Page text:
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Women in Healthcare: Leading the Charge in Ireland's Digital Health Transformation

Author Olivia O'Brien
Published 08 Mar 2024

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As we celebrate International Women's Day, a time to commemorate the social, economic, and political achievements of women around the world, we turn our attention to a sector where female leadership is transforming the provision of services in Ireland: healthcare. Women in healthcare in Ireland are not just participating; they are leading the way in the research, policy and innovation required for digital health transformation.

Hanover Dublin recently had the privilege of hosting the first roundtable in our 'Women in Healthcare' series, which aims to shine a spotlight on the remarkable contributions of women in Irish healthcare. We kicked off the series with a session focused on the advancements and impact of digital health in Ireland, hearing from the women who are redefining Ireland's digital health landscape. 

From innovative start-ups to ground-breaking research and leadership, our diverse roster of speakers included healthcare practitioners and influential thought leaders, as well as public officials involved in the drafting of the Health Information Bill. 

Ireland’s Digital Health Landscape  

Every week, we hear of new innovations in the digital healthcare space in Ireland, with companies at the cutting edge of technology and healthcare provision. From a policy perspective, this is a timely moment to discuss digital healthcare, particularly in an Irish context. In recent weeks, the Irish Government has listed the Health Information Bill for priority drafting. While in Brussels, the European Health Data Space is being negotiated, with Member States seeking to strike a balance between privacy and enhancing the utility of health information. Both provide a legislative and governance framework nationally and at EU level for the movement of electronic health information for primary and secondary use. This will support digital health and social care, as well as further research and innovation.  

Roundtable Insights   

The roundtable provided a platform for an open and insightful discussion about the advancements in digital healthcare in Ireland and the unique contributions made by women in the field. One of the key topics was the integration of digital health solutions into existing healthcare systems, and how tech can play a role in enabling healthcare providers to do it better, not different. Participants highlighted how telehealth, electronic health records (EHRs), and health data intelligence can transform patient care and expand the delivery of care beyond the four walls of a hospital. We also delved into the challenges of implementing such technologies, from a dearth of Irish patient data to achieving interoperability among disparate systems and ensuring patient-centred care remains at the heart of technological advancements.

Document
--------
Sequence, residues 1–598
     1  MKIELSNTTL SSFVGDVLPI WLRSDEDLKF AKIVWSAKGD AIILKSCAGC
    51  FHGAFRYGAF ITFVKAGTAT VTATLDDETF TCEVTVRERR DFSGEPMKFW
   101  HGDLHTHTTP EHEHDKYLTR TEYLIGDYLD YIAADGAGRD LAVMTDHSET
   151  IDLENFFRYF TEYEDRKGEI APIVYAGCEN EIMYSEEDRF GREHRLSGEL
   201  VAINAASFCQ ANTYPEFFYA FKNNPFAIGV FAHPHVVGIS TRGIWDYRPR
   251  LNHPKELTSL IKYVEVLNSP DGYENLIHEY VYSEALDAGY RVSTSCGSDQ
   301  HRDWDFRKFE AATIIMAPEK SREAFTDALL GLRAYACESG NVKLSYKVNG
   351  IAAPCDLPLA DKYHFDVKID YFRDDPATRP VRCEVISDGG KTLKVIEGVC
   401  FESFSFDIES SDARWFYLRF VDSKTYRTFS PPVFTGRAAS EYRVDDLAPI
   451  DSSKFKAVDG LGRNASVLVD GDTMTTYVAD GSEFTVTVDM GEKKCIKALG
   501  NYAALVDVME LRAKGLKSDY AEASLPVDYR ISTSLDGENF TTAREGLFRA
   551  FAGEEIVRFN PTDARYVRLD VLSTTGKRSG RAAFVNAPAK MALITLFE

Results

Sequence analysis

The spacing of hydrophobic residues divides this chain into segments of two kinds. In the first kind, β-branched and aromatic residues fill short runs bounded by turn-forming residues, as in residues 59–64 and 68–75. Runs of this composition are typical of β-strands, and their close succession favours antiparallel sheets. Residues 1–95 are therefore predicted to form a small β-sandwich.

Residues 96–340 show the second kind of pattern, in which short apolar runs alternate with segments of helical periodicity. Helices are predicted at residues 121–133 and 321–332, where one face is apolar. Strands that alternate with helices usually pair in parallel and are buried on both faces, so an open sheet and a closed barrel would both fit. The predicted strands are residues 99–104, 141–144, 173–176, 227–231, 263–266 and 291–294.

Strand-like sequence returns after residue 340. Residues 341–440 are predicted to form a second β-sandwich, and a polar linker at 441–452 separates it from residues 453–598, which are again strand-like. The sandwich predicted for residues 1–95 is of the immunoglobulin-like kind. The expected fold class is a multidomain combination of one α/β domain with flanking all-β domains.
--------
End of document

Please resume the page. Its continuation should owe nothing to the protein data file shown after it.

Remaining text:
The roundtable also addressed the broader implications of digital healthcare for the Irish population, such as improved access to care in rural areas, more personalised treatment plans, and the potential for data to inform public health policies. Participants shared success stories of initiatives that have had a significant impact for patients in Ireland. For example, we heard from @Dr Jennifer Doran about the use of technology to improve access to healthcare for remote communities on Ireland's offshore Islands, supported by Cisco and from @Una Kearns about myPatientSpace, a digital platform by a female-led start-up that enables providers to improve patient care via remote monitoring, appointment management and personalised patient journeys.  

Participants also shared learnings and best practice; @Amanda Green spoke about Oracle Health’s experience in the UK, highlighting the power of linking data to gain new insights. One initiative is addressing health inequalities through targeted health checks – using data to identify cohorts at greater risk of experiencing health inequalities, and proactively inviting these groups to attend a health check to help identify any underlying health conditions.

Despite these impressive initiatives and significant progress in advancing digital health solutions, roundtable participants identified a number of challenges that leave Ireland trailing behind its European counterparts in the full integration of digital healthcare. 

Similarly, as we acknowledged the remarkable contributions and leadership roles women have occupied within this space, the conversation was underscored by the obstacles they have also faced as women throughout their careers. As one of our participants highlighted, 'There is equality of opportunity and there's equality of outcomes – and they are not the same’. Enduring challenges including underrepresentation of women in leadership positions, and the entrenched bias that perpetuate inequality serve as stark reminders of the continuing struggle for gender parity. The strides we have made in gender equality are commendable, but they bring into sharp relief the disparities that persist. 

The first roundtable in our 'Women in Health' series was a testament to the integral and influential role that women play across every dimension of Ireland's health sector. We look forward to continuing the conversation in our upcoming events. 


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